Anyone who has paid attention to popular music in recent years can tell you that women are woefully underrepresented, but now we have hard data to back that up. As Pitchfork reports, a new study from the University of Southern California’s Annenberg Inclusion Initiative attempted to “assess the gender and race / ethnicity of artists, songwriters and producers across the 800 best songs of 2012-2019 ”using data from the Billboard Hot 100 year-end charts, and what they found was disheartening: Less than 23% of the artists represented in the charts and less than 2% of the producers were women.
The study also looked at the attendance of women in five of the Grammys’ top categories: Record of the Year, Song of the Year, Album of the Year, Best New Artist and Producer of the Year. While the number of women nominated in these categories hit a nine-year high in 2021, it is still insanely low, at just 28.1%, and as of 2017 it was just 6, 4%.
The Annenberg Inclusion Initiative also looked at which genres featured the most female artists. Pop did better in terms of female representation with 32%, while only 12.3% of rap songs were performed by women. When it comes to female songwriters, there is also a huge financial disparity, with the top 10 highest paid female songwriters in 2020 generating 70% less income than their male counterparts that year.
Of course, none of this is unexpected. It’s harder to have a hit song when you’re not on the radio, and female artists have historically had a harder time getting on air, especially on country radio, where gender parity remains. a major problem. And while there has been slight progress with the Grammys, such as the fact that all of the nominees for Best Rock Performance this year are women, we know only too well The Recording Academy’s shady history with women. thanks to the allegations of ousted CEO Deborah Dugan. and former President Neil Portnow’s infamous comment that women artists had to “step up” if they were to be nominated.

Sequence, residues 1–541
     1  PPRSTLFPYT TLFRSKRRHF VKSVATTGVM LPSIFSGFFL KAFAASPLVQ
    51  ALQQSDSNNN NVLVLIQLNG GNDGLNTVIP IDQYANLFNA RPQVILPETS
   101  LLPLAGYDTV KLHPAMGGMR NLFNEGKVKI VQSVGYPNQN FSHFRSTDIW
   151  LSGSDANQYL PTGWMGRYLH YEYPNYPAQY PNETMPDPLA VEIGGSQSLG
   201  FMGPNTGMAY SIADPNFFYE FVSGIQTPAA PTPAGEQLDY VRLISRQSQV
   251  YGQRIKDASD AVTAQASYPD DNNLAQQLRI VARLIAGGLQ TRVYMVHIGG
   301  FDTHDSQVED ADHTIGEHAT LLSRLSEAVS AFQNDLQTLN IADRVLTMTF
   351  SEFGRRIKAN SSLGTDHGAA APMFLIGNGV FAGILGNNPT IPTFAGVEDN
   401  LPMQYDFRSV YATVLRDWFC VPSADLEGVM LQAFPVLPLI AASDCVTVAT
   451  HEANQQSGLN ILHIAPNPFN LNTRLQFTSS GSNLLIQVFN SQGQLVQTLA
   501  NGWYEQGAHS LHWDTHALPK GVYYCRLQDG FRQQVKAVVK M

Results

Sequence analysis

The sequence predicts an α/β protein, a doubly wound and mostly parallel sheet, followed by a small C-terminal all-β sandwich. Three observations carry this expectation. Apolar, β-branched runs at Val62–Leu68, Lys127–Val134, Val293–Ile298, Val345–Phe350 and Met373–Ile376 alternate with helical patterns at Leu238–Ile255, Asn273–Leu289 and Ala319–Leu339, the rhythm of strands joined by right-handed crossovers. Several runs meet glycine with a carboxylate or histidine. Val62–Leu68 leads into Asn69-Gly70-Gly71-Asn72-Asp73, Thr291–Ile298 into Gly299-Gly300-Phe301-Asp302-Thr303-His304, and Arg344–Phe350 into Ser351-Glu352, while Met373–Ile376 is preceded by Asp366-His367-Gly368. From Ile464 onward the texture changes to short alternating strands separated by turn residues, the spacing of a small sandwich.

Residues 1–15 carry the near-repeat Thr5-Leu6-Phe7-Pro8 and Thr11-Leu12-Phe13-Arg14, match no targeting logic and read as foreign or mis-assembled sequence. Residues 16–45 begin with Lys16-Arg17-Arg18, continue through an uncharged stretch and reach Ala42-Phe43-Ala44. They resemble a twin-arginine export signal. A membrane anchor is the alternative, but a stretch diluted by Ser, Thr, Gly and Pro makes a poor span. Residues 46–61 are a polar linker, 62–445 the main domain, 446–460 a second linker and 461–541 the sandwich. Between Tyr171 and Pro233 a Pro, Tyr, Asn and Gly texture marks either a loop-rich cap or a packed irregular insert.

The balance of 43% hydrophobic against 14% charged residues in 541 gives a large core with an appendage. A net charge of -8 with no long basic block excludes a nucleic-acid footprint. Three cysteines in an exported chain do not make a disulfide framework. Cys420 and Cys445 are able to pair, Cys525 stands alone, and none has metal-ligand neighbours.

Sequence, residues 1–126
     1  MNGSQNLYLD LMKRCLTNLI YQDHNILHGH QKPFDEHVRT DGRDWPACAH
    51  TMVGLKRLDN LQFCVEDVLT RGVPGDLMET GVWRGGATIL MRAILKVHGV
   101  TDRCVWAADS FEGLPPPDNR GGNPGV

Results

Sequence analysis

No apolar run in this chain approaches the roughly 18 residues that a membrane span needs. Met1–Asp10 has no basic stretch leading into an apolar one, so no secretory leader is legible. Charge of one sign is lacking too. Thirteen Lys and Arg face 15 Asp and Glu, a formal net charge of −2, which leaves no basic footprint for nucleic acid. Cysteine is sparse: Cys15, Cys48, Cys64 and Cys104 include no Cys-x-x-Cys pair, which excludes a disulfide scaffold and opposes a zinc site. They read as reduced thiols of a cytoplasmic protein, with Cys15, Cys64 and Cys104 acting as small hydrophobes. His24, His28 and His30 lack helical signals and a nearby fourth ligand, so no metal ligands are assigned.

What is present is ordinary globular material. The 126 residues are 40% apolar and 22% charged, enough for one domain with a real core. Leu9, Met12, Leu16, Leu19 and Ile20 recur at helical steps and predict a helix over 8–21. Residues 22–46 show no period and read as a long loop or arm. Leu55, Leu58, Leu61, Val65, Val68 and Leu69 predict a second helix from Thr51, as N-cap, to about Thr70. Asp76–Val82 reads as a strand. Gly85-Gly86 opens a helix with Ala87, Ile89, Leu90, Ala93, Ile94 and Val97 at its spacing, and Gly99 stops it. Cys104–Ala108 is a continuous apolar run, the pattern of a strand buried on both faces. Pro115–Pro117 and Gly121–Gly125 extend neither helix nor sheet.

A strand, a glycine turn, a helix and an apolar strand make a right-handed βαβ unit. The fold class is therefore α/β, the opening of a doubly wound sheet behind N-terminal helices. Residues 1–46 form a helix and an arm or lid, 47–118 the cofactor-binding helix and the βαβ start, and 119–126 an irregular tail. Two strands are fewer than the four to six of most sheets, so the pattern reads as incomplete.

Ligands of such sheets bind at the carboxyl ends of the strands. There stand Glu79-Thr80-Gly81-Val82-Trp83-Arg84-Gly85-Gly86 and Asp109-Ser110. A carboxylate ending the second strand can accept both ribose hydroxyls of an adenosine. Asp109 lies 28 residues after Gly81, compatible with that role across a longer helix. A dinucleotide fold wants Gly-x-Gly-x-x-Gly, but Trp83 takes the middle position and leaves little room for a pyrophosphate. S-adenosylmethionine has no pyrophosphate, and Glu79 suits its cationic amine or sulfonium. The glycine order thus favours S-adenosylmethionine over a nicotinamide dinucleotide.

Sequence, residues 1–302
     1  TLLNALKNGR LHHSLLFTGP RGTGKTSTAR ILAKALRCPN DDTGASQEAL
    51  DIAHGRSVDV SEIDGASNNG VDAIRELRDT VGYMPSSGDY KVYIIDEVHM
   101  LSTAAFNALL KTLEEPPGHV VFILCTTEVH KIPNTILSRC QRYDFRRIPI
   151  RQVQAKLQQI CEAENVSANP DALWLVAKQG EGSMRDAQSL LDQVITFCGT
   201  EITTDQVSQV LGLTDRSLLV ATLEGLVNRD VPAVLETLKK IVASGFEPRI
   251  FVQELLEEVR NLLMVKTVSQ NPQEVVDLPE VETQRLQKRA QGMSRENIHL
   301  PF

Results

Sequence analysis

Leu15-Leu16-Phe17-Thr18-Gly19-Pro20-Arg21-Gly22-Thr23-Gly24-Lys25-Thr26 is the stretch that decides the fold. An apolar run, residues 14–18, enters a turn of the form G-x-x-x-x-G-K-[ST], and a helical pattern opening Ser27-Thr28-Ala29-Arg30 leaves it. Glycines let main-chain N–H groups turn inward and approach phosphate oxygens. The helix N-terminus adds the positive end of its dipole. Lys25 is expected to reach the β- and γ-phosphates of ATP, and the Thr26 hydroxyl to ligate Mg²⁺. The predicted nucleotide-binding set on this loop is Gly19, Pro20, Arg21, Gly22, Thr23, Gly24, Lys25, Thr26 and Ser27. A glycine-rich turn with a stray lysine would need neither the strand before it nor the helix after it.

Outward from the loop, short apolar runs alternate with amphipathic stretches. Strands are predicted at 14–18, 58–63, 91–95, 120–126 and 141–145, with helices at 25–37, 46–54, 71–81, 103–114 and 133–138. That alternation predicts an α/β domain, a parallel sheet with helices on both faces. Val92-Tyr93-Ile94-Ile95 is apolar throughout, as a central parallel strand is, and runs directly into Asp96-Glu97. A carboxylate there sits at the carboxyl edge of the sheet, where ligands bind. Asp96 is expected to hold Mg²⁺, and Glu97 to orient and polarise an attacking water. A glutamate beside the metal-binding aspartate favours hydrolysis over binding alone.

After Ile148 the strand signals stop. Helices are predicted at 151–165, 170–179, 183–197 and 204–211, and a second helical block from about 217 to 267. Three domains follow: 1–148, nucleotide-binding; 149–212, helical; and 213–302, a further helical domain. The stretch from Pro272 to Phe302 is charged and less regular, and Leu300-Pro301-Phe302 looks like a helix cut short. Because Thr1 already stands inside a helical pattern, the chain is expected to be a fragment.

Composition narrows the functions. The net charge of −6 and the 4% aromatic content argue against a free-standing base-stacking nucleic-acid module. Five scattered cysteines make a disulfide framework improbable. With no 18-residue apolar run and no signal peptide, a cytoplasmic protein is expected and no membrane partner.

But it is important to note that the study focuses only on popular the music, not the music as a whole. Engineer Heba Kadry took issue with the study’s small sample size on Twitter, writing that for songs that typically land on the Billboard Hot 100 charts, “It’s the same 3 majors hiring the same 9 guys for work on everything. ” This is not the case in the world of independent music, and limiting study to traditional popular music is a bit misleading.
“I’m a little tired of peddling that 2% statistic when there are objectively many more women in audio production and engineering in the independent music scene in all genres,” she wrote. “We’re actually here. “
Yet there is clearly a long way to go and a lot of work to be done to ensure that women artists, producers, songwriters and engineers actually get a healthy dose.
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